Types of equipment: Copiers, computers, vehicles, telecommunications, office furniture.
Phone number: (800) 828-9643
Name of company: Credential Leasing Corp.
Types of equipment: Computers, communications, construction, medical, printing, restaurant.
Phone number: (800) 895-1201
Name of company: GE Capital Corp.
Types of equipment: All office equipment, vehicles, heavy machinery.
Phone number: (800) 243-2222
Name of company: Atlanta Business Services Corp.
Types of equipment: All office equipment, medical, security, photography, heavy equipment, vending, cleaning, restaurant.
Phone number: (800) 255-0022
Name of company: HPSC Inc.
Types of equipment: Health-care, medical, dental, computers.
Phone number: (800) 255-2488
Name of company: GATX Capital Corp.
Types of equipment: Vehicles, heavy equipment.
Phone number: (800) 227-4636
Name of company: Dana Commercial Credit Corp.
Types of equipment: All office equipment.
Phone number: (800) 225-0513
Name of company: Equipment Leasing Association
Types of equipment: N/A
Phone number: (703) 527-8655
Pros And Cons
- Most lessors agree to 100 percent financing, which leaves your working capital and lines of credit free.
- Easy acceptance with quicker and more liberal credit approval and less paperwork than applying for a bank loan.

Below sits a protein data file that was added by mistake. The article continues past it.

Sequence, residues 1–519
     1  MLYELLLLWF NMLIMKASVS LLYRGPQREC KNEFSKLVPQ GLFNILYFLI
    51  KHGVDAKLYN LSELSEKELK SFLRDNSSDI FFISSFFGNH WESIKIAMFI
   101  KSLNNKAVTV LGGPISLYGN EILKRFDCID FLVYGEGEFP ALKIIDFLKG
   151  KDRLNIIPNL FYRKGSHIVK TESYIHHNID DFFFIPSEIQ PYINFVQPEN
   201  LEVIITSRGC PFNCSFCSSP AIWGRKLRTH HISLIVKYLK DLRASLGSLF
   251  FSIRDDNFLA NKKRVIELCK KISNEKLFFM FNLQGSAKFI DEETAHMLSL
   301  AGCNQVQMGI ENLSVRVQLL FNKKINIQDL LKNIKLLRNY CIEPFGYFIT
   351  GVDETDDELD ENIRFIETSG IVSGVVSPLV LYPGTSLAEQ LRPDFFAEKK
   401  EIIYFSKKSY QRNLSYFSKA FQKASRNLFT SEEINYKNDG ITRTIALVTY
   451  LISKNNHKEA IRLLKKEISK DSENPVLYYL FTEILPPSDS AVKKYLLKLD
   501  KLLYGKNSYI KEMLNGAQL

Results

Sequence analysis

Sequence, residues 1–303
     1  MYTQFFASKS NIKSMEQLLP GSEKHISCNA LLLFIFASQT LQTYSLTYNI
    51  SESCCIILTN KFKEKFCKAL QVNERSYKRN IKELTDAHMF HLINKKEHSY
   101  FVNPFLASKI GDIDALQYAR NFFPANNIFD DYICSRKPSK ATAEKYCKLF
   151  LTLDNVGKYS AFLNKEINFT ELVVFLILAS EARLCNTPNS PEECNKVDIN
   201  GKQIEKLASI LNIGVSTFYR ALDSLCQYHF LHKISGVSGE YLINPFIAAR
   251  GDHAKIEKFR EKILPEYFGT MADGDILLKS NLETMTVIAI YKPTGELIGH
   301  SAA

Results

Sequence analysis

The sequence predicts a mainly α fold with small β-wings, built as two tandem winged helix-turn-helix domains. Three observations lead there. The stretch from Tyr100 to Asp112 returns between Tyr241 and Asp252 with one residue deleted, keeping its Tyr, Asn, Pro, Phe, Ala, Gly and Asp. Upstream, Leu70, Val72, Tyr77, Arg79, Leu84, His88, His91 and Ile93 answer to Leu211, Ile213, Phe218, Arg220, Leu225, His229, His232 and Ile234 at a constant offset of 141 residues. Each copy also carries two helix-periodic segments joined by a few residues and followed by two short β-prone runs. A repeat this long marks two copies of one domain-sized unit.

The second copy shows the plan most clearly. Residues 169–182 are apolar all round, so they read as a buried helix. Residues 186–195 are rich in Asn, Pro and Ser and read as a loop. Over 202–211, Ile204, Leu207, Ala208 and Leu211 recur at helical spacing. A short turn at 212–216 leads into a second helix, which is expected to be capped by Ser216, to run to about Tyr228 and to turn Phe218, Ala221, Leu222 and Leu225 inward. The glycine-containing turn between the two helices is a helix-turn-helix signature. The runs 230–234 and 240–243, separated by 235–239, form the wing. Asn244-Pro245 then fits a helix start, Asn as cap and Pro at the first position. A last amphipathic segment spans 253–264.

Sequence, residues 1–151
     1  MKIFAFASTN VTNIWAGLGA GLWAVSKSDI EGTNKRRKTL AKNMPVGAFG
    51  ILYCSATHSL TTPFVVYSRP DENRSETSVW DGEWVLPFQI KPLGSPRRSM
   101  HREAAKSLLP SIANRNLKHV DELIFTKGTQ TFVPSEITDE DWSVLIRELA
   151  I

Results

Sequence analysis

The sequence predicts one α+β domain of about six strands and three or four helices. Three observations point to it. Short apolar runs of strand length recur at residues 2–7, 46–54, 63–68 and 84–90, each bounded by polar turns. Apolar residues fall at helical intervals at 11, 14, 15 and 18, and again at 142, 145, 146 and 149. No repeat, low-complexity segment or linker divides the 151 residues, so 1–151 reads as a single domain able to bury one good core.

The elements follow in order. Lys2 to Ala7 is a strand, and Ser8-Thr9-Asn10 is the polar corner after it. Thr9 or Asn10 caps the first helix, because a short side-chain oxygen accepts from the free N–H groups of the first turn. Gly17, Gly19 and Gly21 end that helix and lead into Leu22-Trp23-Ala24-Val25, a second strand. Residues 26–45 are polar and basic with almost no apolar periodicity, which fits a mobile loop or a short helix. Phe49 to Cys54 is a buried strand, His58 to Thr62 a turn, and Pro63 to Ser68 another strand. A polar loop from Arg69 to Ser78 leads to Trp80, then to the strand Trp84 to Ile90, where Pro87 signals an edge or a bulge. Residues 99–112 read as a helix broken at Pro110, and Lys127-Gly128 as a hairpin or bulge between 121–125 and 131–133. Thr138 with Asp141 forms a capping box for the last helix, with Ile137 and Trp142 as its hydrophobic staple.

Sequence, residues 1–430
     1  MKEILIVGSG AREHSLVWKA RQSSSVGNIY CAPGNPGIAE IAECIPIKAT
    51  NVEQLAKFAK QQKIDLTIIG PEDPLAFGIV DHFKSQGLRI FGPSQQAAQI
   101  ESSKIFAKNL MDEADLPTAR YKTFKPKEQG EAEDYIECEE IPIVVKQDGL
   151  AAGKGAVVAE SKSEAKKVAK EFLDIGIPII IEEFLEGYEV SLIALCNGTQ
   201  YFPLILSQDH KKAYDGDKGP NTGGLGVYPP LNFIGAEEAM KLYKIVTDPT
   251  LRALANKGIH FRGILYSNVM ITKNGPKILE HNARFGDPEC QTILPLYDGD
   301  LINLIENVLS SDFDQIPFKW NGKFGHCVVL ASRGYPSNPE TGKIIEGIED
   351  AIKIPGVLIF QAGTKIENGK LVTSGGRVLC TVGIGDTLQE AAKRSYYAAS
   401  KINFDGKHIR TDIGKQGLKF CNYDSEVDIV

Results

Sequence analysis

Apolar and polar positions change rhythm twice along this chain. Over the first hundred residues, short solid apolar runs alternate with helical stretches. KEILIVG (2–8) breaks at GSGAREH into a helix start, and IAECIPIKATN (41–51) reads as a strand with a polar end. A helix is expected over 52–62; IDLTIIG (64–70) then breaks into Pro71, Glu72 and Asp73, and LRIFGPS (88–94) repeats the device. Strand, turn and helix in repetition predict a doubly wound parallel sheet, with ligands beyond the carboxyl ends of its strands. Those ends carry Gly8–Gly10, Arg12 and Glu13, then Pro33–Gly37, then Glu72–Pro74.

- Equipment upgrades, usually at no extra cost.
- Reduced risk of technological obsolescence.
- Major tax benefits because most lease payments may be counted as operating expenses and deducted as such each month throughout the tax year instead of annually.
- No down payment or collateral required.
- No variable interest rates that are affected by the fluctuations of the market.
- Some lessors permit flexible payment schedules if your business is seasonal.
- An option to buy at the end of a lease gives you the opportunity to decide whether your business strategy still requires the same equipment or whether you should move on to other merchandise.
- Unless you sign a finance lease (see the "What's Your Type?" section above), your lease payments are not listed as a liability on your balance sheet, so your financial picture looks brighter.
- You do not own the equipment and cannot sell it unless you opt for a buyout.
- A long-term lease can lock you into equipment you no longer need.
- You may prefer to consolidate with a single bank loan to cover all your office expenses instead of several different payment plans.
- There may be penalties for terminating a lease.
- If service is poor, you have little recourse.
- Equipment insurance is usually not included.
A Tale Of Two Leases
I'll never lease again," says Virginia Bader, owner of Virginia Bader Fine Arts, an aviation art gallery in Santa Ana, California, whose experience with a mailing equipment dealer has soured her on leasing. "I'd always preferred to own my office equipment and to save up to buy what I need rather than commit to what seemed like endless payments."